Covid-19, 'Mask Diplomacy' and Taiwan sovereignty

Mirco Di Giacomo

China has been sending medical aid to multiple countries in the past weeks. Having, apparently, controlled the Covid-19 crisis, China has since engaged in the so-called 'Mask Diplomacy'; sending foreign (medical) aid to countries affected by Covid-19 in an effort "to boost its image as a responsible global leader." However, China is not the only country engaging in 'Mask Diplomacy.' Taiwan has also been sending medical aid to countries affected by Covid-19, pledging to send 10 million surgical masks to the United States of America (US) and Europe, and to its regional neighbours and all its allies. Taiwan's so-called 'Mask Diplomacy' does not stop to masks. Taiwan is also collaborating with the European Union (EU) in developing a vaccine and making financial donations by Taiwanese non-governmental organisations and private citizens to other countries, including US$4 million donated to Italian medics.


Taiwan's involvement in 'Mask Diplomacy' practices is peculiar and significant in many ways, making it a relevant phenomenon for international politics.


First, as analysists have noted, Taiwanese medical aid is aimed at gaining international diplomatic support. Taiwan' use of 'Mask Diplomacy' has made gains internationally by getting recognition for its efforts to help other countries in coping with Covid-19. Among them, the EU, albeit none of its members recognises Taiwan, openly praised Taiwan for their medical help. Also, Czechia has expressed public appreciations to Taiwan for the medical help, and so has the US and Japan, having received two million masks. Finally, Singapore has expressed gratitude for the masks Taiwan sent. For a country whose sovereignty is recognised by only 15 countries, gaining any form of diplomatic support is of great importance, as illustrated in the next point of this analysis.


Second, Taiwan is not a recognised state by virtually the entire world. Most countries, including the US–arguably Taiwan's closest ally–do not have official diplomatic relations with Taiwan. Taiwan has consistently had its sovereignty denied and has been expelled from the United Nations and the World Health Organisation (WHO) since 1971. Moreover, China considers Taiwan to be a nothing more than a rebel province which must be reabsorbed, by force, if necessary. Thus, being recognised as an independent and sovereign country (and not a rebellious Chinese province) is, and increasingly will be, a matter of life or death for Taiwan as Beijing pressures for reunification increase. It is indeed unsurprising that Taiwan reserved two million masks exclusively for the only 15 countries which still recognise its sovereignty. By sending medical help as a state to other states (including those who do not recognise it) and having sovereign countries accepting that help, Taiwan is building precedent for its recognition. While far from official, countries accepting Taiwan behaving de facto as a sovereign country–at least for the purposes of foreign aid–contribute to strengthening Taipei's sovereignty narrative's legitimacy and (informal) international support of it.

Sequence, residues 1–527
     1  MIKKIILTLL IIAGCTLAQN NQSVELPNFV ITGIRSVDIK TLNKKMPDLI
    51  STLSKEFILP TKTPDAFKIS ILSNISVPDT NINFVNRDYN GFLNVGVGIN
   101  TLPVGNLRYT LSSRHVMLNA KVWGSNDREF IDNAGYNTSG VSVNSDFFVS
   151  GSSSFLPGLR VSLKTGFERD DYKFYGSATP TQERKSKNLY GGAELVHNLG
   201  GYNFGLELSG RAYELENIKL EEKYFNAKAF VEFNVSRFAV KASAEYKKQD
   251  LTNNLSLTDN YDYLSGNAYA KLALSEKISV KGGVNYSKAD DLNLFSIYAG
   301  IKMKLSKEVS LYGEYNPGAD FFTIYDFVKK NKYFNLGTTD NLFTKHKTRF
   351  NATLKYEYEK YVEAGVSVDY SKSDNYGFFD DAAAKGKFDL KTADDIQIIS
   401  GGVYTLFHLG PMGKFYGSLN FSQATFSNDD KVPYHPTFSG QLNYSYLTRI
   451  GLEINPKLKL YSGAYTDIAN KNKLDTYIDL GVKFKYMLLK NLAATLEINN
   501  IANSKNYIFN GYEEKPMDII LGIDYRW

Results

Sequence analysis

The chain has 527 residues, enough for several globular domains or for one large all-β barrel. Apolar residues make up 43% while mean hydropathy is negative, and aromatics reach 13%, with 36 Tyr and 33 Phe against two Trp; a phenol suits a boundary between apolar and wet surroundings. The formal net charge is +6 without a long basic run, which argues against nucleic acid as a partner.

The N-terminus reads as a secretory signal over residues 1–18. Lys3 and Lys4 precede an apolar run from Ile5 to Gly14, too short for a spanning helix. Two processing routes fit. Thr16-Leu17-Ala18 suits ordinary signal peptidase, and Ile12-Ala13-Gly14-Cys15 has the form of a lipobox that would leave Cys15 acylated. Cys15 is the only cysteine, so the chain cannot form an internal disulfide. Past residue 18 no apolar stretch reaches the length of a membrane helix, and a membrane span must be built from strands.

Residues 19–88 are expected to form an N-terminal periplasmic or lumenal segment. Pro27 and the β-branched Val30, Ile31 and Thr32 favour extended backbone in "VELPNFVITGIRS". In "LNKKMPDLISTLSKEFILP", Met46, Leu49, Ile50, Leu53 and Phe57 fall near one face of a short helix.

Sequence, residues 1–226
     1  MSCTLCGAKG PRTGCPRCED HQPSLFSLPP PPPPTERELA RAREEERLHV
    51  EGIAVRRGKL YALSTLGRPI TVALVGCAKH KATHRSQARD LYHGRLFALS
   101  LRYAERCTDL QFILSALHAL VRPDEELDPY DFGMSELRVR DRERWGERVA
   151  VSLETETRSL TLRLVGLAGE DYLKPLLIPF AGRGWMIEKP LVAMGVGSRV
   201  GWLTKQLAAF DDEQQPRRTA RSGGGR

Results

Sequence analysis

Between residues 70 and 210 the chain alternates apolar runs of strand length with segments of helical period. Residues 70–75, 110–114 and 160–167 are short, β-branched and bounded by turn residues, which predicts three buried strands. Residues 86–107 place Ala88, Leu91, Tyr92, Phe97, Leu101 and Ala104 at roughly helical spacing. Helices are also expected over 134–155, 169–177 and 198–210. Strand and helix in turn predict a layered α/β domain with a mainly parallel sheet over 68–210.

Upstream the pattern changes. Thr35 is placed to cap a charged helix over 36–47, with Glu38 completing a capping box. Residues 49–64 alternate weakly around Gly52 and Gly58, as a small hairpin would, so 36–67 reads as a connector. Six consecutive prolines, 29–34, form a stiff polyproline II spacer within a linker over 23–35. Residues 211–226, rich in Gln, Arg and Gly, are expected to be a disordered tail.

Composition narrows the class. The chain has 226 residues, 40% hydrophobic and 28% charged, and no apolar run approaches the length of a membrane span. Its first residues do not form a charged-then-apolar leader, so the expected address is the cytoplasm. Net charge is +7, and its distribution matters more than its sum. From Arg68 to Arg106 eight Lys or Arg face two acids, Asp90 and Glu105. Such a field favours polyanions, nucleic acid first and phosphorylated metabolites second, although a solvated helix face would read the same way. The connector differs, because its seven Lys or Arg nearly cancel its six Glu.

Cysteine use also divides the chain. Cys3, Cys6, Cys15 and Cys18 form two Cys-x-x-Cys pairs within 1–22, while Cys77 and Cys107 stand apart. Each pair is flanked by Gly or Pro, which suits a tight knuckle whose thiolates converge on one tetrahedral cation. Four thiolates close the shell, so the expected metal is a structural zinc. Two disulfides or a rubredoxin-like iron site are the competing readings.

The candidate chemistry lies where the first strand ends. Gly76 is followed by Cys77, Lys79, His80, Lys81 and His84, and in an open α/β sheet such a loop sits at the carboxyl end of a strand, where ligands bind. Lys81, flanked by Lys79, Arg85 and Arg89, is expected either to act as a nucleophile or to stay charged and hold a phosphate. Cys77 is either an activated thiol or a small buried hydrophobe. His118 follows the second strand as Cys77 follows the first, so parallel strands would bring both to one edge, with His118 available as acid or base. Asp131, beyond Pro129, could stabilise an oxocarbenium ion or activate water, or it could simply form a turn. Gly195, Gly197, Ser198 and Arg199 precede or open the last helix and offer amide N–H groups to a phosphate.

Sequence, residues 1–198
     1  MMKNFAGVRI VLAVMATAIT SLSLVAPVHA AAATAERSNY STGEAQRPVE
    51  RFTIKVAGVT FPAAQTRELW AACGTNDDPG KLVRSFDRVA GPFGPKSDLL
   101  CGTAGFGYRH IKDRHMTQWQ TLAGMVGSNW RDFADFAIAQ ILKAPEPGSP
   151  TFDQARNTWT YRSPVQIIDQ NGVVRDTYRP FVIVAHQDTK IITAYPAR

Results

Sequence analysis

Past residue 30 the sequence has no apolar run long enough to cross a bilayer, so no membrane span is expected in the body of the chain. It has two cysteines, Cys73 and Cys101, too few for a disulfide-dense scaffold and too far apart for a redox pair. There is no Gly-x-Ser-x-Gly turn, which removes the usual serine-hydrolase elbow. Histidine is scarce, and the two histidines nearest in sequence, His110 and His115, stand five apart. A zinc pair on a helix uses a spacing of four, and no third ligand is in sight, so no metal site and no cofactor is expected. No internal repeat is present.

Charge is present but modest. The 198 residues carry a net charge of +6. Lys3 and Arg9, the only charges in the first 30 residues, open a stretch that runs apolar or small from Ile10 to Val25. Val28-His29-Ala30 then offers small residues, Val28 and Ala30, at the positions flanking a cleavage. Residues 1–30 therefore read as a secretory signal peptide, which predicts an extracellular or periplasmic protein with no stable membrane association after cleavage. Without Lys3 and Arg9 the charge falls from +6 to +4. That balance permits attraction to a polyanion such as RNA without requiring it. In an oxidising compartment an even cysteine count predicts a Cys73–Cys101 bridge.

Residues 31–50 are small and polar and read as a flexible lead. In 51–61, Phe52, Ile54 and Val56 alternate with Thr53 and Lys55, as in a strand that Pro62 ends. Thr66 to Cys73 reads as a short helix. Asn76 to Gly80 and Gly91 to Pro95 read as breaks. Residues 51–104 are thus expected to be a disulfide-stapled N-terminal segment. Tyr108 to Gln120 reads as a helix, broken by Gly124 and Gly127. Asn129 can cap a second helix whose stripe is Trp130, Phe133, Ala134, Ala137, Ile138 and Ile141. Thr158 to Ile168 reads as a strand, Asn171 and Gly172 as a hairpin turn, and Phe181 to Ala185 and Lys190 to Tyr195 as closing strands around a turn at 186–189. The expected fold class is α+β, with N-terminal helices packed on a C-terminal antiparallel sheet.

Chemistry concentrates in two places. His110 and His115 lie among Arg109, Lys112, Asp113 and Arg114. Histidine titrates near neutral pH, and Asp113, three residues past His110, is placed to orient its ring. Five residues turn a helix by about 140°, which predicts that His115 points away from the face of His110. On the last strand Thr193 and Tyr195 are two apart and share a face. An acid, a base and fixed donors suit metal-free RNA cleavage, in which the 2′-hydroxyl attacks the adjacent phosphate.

Taiwan's 'mask diplomacy' is more than merely sending medical help or establishing better diplomatic relations, like China, for instance, is largely doing. For Taiwan, sending medical aid is a way to tackle a much more existential threat. Whether this will work in unclear, predictions in international affairs are notably difficult to make, but some results seem to be emerging. The US and Japan, who received masks from Taiwan, are now seeking international support to lobby the WHO admit Taiwan as a member, something reserved to states. WHO membership is undoubtedly a 'first step' toward Taiwan's international recognition. Whether this American-Japanese initiative is causated by, or merely correlated, to Taiwan's 'Mask Diplomacy' is hard to determine, but it is hard to believe Taiwan's medical aid during this pandemic was irrelevant in Japan's or US' decision to lobby, or the diplomatic support Taipei gathered through medical aid will not strengthen Taiwan's case if this lobbying goes further and WHO members are called to take a stand.


Mirco Di Giacomo is an international relations and history student at the University of Adelaide, Treasurer of the University's Politics and International Relations Association, and Digital Communications Officer for Young Australians in International Affairs.

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